Weather observations from along the Sierra Crest between 8200 ft. and 8800 ft.
0600 temperature: 21 to 30 deg. F.
Max. temperature in the last 24 hours: 32 deg. F.
Average wind direction during the last 24 hours: SW
Average wind speed during the last 24 hours: 50 to 80 mph
Maximum wind gust in the last 24 hours: 110 mph
New snowfall in the last 24 hours: 2 to 6 inches
Total snow depth: 108 to 135 inches
Two-Day Mountain Weather Forecast Produced in partnership with the Reno NWS
For 7000 ft. to 8000 ft.
Monday Monday Night Tuesday
Weather: Partly cloudy then becoming mostly cloudy. Chance of snow in the morning...then snow developing in the afternoon. Snow levels below 7000 feet. Chance of precipitation is 50% increasing to 90% in the afternoon. Cloudy. Snow. Snow levels below 7000 feet. Chance of precipitation is 100%. Cloudy. Snow. Snow levels below 7000 feet. Chance of precipitation is 100%.
Temperatures: 31 to 37. deg. F. 27 to 30. deg. F. 32 to 37. deg. F.
Mid Slope Winds: Southwest 15 to 30 mph with gusts to 45 mph increasing to 30 to 50 mph with gusts up to 70 mph in the afternoon. Southwest 30 to 45 mph with gusts to 70 mph. Southwest 30 to 45 mph with gusts to 75 mph.
Expected snowfall: 70% probability of 2 to 5 inches. 30% probability of 1 to 2 inches. | SWE = up to 0.40 inch. 80% probability of 10 to 17 inches. 20% probability of 17 to 24 inches. | SWE = up to 1.20 inches. 70% probability of 8 to 14 inches. 30% probability of 14 to 18 inches. | SWE = up to 1.15 inches.
For 8000 ft. to 9000 ft.
Monday Monday Night Tuesday
Weather: Partly cloudy then becoming mostly cloudy. Chance of snow in the morning...then snow developing in the afternoon. Snow levels below 7000 feet. Chance of precipitation is 50% increasing to 90% in the afternoon. Cloudy. Snow. Snow levels below 7000 feet. Chance of precipitation is 100%. Cloudy. Snow. Snow levels below 7000 feet. Chance of precipitation is 100%.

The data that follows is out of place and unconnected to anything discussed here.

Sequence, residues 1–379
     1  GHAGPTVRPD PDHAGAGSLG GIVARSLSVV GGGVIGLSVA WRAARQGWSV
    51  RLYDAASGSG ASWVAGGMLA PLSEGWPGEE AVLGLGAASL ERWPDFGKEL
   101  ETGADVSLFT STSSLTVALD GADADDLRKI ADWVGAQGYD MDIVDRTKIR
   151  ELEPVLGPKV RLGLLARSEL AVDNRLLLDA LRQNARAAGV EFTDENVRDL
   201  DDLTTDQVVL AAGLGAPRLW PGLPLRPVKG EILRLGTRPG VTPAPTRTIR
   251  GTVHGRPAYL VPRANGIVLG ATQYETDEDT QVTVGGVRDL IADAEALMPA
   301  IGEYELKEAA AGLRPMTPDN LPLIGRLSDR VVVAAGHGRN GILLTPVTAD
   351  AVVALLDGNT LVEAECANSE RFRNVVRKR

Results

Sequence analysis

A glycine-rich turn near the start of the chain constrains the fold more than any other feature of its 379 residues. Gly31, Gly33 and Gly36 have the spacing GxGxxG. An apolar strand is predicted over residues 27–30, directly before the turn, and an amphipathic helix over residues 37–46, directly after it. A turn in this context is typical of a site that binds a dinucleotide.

Temperatures: 25 to 31. deg. F. 23 to 27. deg. F. 27 to 32. deg. F.
Ridge Top Winds: Southwest 45 to 75 mph with gusts to 115 mph. Southwest 45 to 70 mph with gusts to 120 mph. Southwest 45 to 70 mph with gusts to 115 mph.
Expected snowfall: 70% probability of 3 to 5 inches. 30% probability of 1 to 3 inches. | SWE = up to 0.40 inch. 70% probability of 12 to 18 inches. 30% probability of 18 to 25 inches. | SWE = 0.75-1.25 inches. 70% probability of 11 to 18 inches. 30% probability of 18 to 25 inches. | SWE = 0.80-1.30 inches.
Disclaimer

This avalanche forecast is provided through a partnership between the Tahoe National Forest and the Sierra Avalanche Center. This forecast covers the Central Sierra Nevada Mountains between Yuba Pass on the north and Ebbetts Pass on the south. Click here for a map of the forecast area. This forecast applies only to backcountry areas outside established ski area boundaries. This forecast describes general avalanche conditions and local variations always occur. This forecast expires 24 hours after the posted time unless otherwise noted. The information in this forecast is provided by the USDA Forest Service who is solely responsible for its content.

For a recorded version of the avalanche forecast call (530) 587-3558 x258